Chap. 4. This chapter focuses on the general features and different kinds of modem day Nepalese Viharas, and describes various other Viharas in Patan.

Chap. 5. This chapter is devoted to Hakha baha, which is the main body of this work. This chapter discusses the heritage and significance of Ratnakar Mahavihara and describes various inscriptions, Kacha baha, baha Sangha and its organization.

Chap. 6. This chapter mainly focuses on the types of rituals and worship which are performed at Hakha baha, and describes several kinds of initiations such as Barechoegu, Achaluyegu and Dekha. It also describes Guthis such as Sandepuja Guthi, Lainkebhu Guthi, Sana Guthi, Bicha Guthi and other Guthis which operated in Hakha baha. The roles played by the Sangha members are also described in this book.

Chap. 7. Hakha baha has a distinct place among the Viharas of Patan due to the Institution of Kumari. This chapter deals with the tradition of Kumari at Hakha baha and mainly focuses on the selection procedures and cultural and ritual aspects related to Kumari. Along with this description, other Viharas' relationship with Hakha baha which relates to Kumari worship is also explained.

Chap. 8. The main focus of this chapter is the description of the structural features of Hakha baha. The architectural features, art forms, and images housed in Hakha baha are described in this chapter.

Chap. 9. This chapter concludes the book, and is followed by the glossary, appendix, bibliography and Index.

The research which we undertook was in fact a tough job for us, but many individuals inspired and helped us throughout. It would have been impossible to write this book without their help. We are particularly thankful to Mr. Milan Ratna Shakya for his help.

We are very much thankful to Mrs. Millicent Allysa Pugh (Thapa) who edited this manuscript. Her meticulous effort to go through with tiresome writings is really praiseworthy. Especially, we must thank her for editing skills and comments she made at appropriate places.

We are grateful to Min Bahadur Shaky a, a visiting lecturer in the Department of Buddhist Studies, Tribhuvan University, Kirtipur. He kindly permitted us to use his library.

We would also like to say thanks to We cannot forget the help of Hera Kazi Vajracharya of Bu Baha, Patan, who provided us with some material during the research. His assistance proved to be very helpful in writing this book.

We are also thankful to Gajanan Dhakhwa, for taking some of the photos of Ratnakar Mahavihara (Hakha baha). We would also like to thank Hasana Shakya for typing a part of the manuscript.

Last but not the least, we must thank Yen. Prajnamurti of Anandakuti Vihara, a common friend of us and a student of Buddhism at Chulalongkorn Rajkiya Mahavidyalaya, University of Bangkok for his best wishes.


The term Vihara is called baha or bahal in Newari, but local people pronounce it ba instead of baha. In the Kathmandu Valley, many Viharas were established at different times. Since, Patan is predominantly a Buddhist city, it has many prominent bahal which were established by various individuals. At present, there are fifteen main bahal in Patan. Most of the bahal have Kacha baha and Nani affiliated with them and each baha has two names, one in Sanskrit and the other in Newari.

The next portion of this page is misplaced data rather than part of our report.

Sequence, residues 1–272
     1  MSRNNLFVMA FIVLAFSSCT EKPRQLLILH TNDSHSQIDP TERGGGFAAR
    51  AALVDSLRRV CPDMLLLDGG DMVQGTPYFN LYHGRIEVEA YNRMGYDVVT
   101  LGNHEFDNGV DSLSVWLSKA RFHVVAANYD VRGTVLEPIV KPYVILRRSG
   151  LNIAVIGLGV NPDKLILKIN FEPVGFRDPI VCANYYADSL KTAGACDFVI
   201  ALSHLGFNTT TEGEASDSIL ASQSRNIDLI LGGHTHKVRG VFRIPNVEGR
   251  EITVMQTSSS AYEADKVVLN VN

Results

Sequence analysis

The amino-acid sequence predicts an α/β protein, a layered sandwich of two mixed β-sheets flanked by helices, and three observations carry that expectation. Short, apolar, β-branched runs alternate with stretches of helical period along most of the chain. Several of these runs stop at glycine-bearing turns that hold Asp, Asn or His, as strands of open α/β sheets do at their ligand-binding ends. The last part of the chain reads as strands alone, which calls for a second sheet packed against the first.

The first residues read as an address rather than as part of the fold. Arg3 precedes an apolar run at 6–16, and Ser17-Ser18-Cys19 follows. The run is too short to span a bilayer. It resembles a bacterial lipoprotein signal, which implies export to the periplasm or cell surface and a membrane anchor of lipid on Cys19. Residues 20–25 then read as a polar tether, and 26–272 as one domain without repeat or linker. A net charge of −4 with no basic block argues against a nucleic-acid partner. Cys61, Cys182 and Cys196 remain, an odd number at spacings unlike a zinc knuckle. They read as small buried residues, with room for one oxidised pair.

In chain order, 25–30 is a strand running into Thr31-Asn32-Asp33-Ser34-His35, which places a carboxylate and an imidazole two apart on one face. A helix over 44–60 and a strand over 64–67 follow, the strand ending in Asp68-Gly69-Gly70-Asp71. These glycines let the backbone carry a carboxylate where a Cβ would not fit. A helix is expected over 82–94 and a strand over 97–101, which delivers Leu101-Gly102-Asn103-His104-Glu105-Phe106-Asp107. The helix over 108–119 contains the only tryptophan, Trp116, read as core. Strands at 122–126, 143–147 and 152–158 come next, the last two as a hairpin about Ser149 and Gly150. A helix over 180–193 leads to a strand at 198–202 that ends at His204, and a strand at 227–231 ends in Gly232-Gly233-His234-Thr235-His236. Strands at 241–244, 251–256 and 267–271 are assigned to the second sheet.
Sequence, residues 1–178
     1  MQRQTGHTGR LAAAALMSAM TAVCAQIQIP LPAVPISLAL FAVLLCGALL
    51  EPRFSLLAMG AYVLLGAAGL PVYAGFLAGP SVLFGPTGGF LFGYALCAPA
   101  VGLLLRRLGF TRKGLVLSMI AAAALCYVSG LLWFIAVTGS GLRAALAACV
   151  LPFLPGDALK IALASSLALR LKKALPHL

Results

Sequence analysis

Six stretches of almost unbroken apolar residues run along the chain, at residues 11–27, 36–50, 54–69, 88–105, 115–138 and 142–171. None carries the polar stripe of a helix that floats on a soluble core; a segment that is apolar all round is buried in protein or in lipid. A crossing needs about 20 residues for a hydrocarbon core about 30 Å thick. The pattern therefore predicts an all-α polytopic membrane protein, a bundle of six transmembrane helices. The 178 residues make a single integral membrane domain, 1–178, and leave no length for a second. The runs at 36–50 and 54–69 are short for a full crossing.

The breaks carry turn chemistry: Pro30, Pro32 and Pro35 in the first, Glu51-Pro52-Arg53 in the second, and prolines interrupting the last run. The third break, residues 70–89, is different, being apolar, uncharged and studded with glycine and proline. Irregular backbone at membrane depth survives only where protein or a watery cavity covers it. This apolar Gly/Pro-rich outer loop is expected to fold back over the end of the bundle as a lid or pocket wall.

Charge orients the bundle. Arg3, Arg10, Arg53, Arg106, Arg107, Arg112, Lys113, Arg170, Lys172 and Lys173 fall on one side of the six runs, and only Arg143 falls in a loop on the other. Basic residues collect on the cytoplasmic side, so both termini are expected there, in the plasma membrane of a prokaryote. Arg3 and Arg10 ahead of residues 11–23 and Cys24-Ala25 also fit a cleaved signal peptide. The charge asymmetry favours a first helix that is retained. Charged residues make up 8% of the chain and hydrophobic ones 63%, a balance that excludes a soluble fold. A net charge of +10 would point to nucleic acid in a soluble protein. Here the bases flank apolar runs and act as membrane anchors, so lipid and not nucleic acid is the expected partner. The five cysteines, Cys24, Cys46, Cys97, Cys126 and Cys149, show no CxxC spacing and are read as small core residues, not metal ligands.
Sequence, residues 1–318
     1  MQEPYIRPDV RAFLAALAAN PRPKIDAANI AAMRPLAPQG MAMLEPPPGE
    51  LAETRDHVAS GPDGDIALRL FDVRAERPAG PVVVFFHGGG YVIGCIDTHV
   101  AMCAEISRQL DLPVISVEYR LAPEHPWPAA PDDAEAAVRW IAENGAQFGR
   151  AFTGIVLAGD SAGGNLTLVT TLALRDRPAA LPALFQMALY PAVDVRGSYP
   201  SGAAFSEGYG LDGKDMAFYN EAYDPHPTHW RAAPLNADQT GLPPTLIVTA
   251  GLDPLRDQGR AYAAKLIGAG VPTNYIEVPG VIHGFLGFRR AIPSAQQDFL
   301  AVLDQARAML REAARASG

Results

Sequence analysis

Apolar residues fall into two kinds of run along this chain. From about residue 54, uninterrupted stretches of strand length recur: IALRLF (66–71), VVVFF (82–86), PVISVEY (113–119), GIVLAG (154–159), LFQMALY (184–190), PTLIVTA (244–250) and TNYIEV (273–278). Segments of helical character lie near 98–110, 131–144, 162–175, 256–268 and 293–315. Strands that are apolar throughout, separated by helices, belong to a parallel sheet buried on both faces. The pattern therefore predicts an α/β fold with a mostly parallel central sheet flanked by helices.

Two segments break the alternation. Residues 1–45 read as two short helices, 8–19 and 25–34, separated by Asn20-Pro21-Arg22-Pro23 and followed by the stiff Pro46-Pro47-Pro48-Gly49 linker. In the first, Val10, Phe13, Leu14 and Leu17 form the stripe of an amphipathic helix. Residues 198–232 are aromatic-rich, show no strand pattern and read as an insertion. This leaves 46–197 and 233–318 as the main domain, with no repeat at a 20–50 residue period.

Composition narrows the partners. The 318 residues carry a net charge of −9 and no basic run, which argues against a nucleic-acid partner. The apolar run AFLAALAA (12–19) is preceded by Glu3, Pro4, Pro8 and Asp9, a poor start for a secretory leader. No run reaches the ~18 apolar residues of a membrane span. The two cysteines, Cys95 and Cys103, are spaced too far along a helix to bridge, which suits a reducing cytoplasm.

The bahal are the centers of religious activities, and played a role of immense significance in Buddhist cultural development. The Sangha of the followers exists in each Vihara within its boundary. In modern times, the major function of a Vajrayana Vihara in Nepal is only to perform elaborate rituals. Nepalese Buddhism has turned into a type of ritualized Buddhism rather than emphasizing philosophical values.

The bahal in Patan are prototype of one another; there are no major differences, however, minor variations may occur in Ratnakar Mahavihara, one of fifteen main Viharas in Patan. Its Sanskrit name is Shri Laksmi Kalyana Varma Samskarita Ratnakar Mahavihara, but it is popularly known as Hakha baha or Ha baha. It was also called Hatko baha, and it is situated at ward no. 18, Ga bahal, in Patan.

Ratnakar Mahavihara is one of the most popular bahals of Patan. It has preserved its typical Buddhist art and architecture as well as its ritual heritage. In this Vihara, there is the tradition of the living goddess, called Kumari. This practice is unique among the Viharas of Patan. Ratnakar Mahavihara Sangha has only Vajracharya members whereas other Vihara Sanghas in Patan have both Shakyas and Vajracharyas as members. The Sangha members become Dyopala at the shrine of Kwapadyo in turns, from the eldest to the youngest. A Dyopala is appointed only for the period of fifteen days. The Sangha has a committee of ten elders who are called Aju. One person is always in reserve, and acts as the Ajus' helper. The eldest Aju is called Chakreshwar. He plays an important role during the Barechuyegu (initiation) and Achaluyegu ceremonies. The Ajus meet once a month on the full moon day for tantric puja (Agam puja), and again on the tenth day of the dark half of each month for a ritual feast. This Vihara has Sangha Bhojan Guthi (Sandey puja), Acharya Guthi, Sana Guthi (death Guthi) and Bicha Guthi. Various other rituals are also observed at this Vihara from time to time.

Statement of the Problems